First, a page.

The concentrations of endogenously derived triacylglycerol-rich lipoproteins, VLDLs, and intermediate-density lipoproteins have been almost uniformly reported to be lowered with fish oil. Fish oils have been effective in normal subjects and in patients with common phenotypes of hyperlipidemia in which VLDL concentrations are raised. The minimum effective dose of n−3 fatty acids appears to be slightly more than 1 g/d. At intakes >2 g/d, VLDLs decreased an average of 25% in normal subjects and even more in hypertriglyceridemic subjects (≈50% in those with the type 4 or 5 phenotype and ≈40% in those with combined hyperlipoproteinemia) (1). Furthermore, this response is maintained. What of chylomicrons and chylomicron remnants? In more severe forms of hypertriglyceridemia, such as type 5 hyperlipoproteinemia, in which both VLDLs and chylomicrons (or remnants) are present, excess n−3 fatty acids can be highly effective. Whether this result reflects enhanced removal of chylomicrons is uncertain. Catabolized VLDLs and chylomicrons compete for similar removal mechanisms; diminished chylomicron removal may therefore occur whenever VLDL overproduction increases the need for VLDL removal, as in type 5 hyperlipoproteinemia. Chylomicronemia after a fatty meal is diminished when fish oil is eaten over 2 wk (2) but not after a single meal. Remnants in type 3 hyperlipoproteinemia are partly cleared with fish-oil treatment (3).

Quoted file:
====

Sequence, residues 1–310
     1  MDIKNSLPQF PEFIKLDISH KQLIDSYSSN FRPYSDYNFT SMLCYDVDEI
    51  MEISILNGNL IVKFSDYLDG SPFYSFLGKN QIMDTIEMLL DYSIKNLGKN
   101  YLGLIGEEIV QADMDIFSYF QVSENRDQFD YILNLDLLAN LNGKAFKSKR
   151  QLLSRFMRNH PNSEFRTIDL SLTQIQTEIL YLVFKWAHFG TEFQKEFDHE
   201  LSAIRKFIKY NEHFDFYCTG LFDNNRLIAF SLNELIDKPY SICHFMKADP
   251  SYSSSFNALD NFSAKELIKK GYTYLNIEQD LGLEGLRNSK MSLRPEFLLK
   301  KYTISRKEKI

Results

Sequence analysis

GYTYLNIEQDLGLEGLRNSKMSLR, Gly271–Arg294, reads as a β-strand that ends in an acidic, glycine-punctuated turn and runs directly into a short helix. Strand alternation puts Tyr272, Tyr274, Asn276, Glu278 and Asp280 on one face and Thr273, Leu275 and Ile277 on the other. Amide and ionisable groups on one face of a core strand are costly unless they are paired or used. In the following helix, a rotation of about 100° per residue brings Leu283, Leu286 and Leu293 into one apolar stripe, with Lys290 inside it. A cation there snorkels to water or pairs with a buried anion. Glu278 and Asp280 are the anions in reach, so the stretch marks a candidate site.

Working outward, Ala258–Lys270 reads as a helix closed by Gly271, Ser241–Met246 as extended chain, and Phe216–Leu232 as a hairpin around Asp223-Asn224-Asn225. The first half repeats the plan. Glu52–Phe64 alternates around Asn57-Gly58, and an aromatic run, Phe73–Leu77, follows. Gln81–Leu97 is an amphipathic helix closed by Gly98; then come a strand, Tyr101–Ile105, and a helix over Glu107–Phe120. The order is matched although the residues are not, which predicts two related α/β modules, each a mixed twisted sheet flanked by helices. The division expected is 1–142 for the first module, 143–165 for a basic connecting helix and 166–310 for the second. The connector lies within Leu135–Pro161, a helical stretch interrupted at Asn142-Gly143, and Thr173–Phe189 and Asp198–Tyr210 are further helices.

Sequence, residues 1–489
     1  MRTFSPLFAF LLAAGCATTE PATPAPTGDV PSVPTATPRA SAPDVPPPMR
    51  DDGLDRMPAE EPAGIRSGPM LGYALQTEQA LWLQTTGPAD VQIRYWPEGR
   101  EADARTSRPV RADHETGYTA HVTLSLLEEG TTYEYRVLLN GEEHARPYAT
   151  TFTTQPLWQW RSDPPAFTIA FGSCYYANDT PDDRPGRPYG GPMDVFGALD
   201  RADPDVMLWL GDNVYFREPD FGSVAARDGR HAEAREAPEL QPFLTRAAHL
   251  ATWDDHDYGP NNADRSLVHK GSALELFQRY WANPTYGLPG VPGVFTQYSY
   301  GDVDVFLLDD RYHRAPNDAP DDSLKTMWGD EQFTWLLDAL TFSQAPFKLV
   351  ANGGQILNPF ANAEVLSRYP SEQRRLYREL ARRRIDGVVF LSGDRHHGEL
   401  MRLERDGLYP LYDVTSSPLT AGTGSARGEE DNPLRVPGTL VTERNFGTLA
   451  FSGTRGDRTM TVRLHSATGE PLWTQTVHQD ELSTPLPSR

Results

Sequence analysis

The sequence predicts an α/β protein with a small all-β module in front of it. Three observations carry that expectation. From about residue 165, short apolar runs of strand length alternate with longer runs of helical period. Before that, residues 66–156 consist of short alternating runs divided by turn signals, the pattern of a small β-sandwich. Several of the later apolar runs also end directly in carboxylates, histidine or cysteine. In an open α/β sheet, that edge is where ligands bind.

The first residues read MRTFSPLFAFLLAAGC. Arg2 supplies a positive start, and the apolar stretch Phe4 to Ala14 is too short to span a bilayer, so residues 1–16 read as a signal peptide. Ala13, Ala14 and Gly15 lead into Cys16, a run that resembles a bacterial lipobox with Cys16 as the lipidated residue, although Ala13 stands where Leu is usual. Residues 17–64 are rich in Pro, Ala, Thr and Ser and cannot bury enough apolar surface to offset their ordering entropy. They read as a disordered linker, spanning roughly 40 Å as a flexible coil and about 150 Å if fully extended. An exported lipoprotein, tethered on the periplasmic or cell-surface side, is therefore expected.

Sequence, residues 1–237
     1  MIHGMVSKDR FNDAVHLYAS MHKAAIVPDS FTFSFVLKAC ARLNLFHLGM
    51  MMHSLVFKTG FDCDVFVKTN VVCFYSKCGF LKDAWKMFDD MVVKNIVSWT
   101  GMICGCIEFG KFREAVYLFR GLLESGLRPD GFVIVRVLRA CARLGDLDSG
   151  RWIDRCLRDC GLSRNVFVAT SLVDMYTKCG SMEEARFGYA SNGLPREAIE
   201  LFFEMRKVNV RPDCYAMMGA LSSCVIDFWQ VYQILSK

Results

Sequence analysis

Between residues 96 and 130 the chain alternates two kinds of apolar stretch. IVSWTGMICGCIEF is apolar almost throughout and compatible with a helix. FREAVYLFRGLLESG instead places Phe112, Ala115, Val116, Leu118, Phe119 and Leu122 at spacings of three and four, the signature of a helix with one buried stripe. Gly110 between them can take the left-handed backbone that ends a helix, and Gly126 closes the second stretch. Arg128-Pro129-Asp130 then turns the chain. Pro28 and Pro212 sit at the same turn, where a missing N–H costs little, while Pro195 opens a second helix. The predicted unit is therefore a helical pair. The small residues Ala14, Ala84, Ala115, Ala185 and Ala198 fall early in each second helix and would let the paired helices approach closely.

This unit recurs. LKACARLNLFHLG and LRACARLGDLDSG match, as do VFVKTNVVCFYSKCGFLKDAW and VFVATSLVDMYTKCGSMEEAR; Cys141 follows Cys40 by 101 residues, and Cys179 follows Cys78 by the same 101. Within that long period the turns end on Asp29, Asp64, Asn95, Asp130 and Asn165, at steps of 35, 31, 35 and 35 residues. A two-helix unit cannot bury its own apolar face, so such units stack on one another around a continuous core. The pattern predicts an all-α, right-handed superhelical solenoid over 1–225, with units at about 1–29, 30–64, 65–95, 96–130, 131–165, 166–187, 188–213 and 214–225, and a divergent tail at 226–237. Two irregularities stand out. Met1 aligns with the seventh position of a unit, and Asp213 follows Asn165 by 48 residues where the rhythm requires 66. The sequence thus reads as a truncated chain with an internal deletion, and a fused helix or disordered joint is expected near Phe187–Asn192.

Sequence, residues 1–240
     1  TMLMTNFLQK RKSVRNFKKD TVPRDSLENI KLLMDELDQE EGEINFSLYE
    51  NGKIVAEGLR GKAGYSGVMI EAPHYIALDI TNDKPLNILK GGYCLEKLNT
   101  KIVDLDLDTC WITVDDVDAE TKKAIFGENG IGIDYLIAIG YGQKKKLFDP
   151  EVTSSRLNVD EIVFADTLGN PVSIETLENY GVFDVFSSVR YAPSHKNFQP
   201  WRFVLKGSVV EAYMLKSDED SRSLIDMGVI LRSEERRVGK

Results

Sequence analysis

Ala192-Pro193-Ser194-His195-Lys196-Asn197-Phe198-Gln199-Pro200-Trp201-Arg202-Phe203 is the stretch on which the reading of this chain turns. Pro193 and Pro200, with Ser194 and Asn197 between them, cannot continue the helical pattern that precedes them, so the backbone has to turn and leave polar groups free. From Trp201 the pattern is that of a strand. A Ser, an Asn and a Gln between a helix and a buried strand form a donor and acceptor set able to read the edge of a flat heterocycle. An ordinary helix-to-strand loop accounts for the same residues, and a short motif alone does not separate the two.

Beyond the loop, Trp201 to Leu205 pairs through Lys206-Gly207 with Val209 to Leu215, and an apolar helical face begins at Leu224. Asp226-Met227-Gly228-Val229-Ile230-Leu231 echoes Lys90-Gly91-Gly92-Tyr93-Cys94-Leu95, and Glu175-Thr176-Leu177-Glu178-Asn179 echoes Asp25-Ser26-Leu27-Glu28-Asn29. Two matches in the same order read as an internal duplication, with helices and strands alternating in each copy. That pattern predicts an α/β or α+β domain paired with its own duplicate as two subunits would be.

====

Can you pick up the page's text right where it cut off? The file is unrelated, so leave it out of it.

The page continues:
Dietary fish oils also modify the type of hypertriglyceridemia that is normally inducible by carbohydrates (4). This modification might be expected from the known effects of these 2 nutrients on triacylglycerols: carbohydrates stimulate and fish oils inhibit VLDL production. This is seen strikingly in hepatocytes from obese hyperlipidemic rats in which the usual overproduction of lipid is suppressed with DHA (5).

The nature of the predominant n−3 fatty acids (EPA and DHA) does not seem important in determining plasma triacylglycerol lowering in humans. Fish or fish oils rich in EPA appear to be as effective in humans as is fish rich in DHA. Fish oils vary considerably in their content of EPA and DHA as well as that of long-chain monoenes and docosapentaenoic acid. A dose-response trial comparing EPA and DHA is urgently needed.